Gente que Cuenta

The penultimate drop,
by Leonor Henríquez

Andy Warhol Atril press
Andy Warhol,
Ilustración realizada para Harper’s Bazaar, Abril de 1956

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      It is activated by our personal chemistry.

And depending on our day, it leaves a festive or ethereal trail, radiant or melancholic, but I would say always sensual.

Without it, I feel like I’m missing something.

I once read that everyone who expects to be kissed should wear it.

Yes, it’s the perfume.

It must be carried with discretion of course, as sometimes it can be invasive.

This reflection is relevant because every morning I see my favorite one, almost empty and I think I have to replace it, but magically when I squeeze the atomizer, one drop or even two, divine and fragrant, always comes out.

And so, day after day, the mysterious balm refused to die and always managed to squeeze a little more out of the bottle.

Until today.

That duo of salsa singers, Lavoe&Colón, sort of tropical philosophers, already said it: “Everything has an end, nothing lasts forever…”

I went out to the perfume store and bought my favorite scent. Money very well spent.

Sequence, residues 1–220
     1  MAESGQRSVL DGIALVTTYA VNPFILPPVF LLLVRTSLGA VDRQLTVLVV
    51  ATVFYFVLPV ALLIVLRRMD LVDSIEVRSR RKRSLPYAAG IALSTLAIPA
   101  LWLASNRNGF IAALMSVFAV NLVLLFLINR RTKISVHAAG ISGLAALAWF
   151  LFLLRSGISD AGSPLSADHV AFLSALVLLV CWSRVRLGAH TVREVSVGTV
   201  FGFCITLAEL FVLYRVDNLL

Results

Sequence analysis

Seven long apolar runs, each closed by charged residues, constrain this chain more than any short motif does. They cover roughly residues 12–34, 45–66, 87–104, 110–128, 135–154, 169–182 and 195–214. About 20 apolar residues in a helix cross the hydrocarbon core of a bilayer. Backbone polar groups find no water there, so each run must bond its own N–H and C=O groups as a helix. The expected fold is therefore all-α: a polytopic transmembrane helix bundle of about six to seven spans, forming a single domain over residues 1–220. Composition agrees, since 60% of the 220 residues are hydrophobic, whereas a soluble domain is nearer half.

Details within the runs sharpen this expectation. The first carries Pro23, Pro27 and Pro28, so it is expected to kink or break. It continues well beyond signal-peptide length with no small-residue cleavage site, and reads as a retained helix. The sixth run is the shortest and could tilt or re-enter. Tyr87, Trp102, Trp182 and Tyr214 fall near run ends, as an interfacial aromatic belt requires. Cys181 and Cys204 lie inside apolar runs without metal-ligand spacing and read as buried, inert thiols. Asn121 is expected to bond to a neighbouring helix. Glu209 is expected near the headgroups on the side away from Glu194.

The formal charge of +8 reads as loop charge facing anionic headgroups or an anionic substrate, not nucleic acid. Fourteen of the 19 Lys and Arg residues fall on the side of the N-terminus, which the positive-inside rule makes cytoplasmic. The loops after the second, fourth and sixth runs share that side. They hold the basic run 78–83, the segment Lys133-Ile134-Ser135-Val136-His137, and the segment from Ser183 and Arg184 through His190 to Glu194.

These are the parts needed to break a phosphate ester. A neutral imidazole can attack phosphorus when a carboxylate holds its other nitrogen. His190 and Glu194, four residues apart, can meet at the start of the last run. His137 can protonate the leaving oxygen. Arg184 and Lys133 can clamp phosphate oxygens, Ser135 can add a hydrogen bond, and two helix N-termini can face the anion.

Before recycling the old and exhausted bottle that was a companion to my skin’s alchemy for so many days, I couldn’t resist the temptation and squeezed the atomizer one last time.

As empty as it seemed, the crystal recipient offered me its persistent breath, as intense and seductive as the first day.

As always, I made my trivial philosophical extrapolations and concluded that nothing, not even oneself, is ever as exhausted or empty as one imagines.

Should we rewrite that song?  Should life be lived by this?

Giving, offering some of our essence, until, never the last, always the penultimate drop.

www.atril .press Leonor Henríquez e1670869356570
Leonor Henríquez (Caracas, Venezuela) Civil Engineer by training (UCAB 1985), writer and apprentice poet by vocation. From her time in engineering emerged her Office Stories (1997), another way of seeing the corporate world. Her latest publications include reflections on grief, Hopecrumbs (2020) ( and “The Adventures of Chispita” (2021) ( an allegory of life inside Mom’s belly.
Today she shares her “impulsive meditations” from Calgary, Canada, where she lives.

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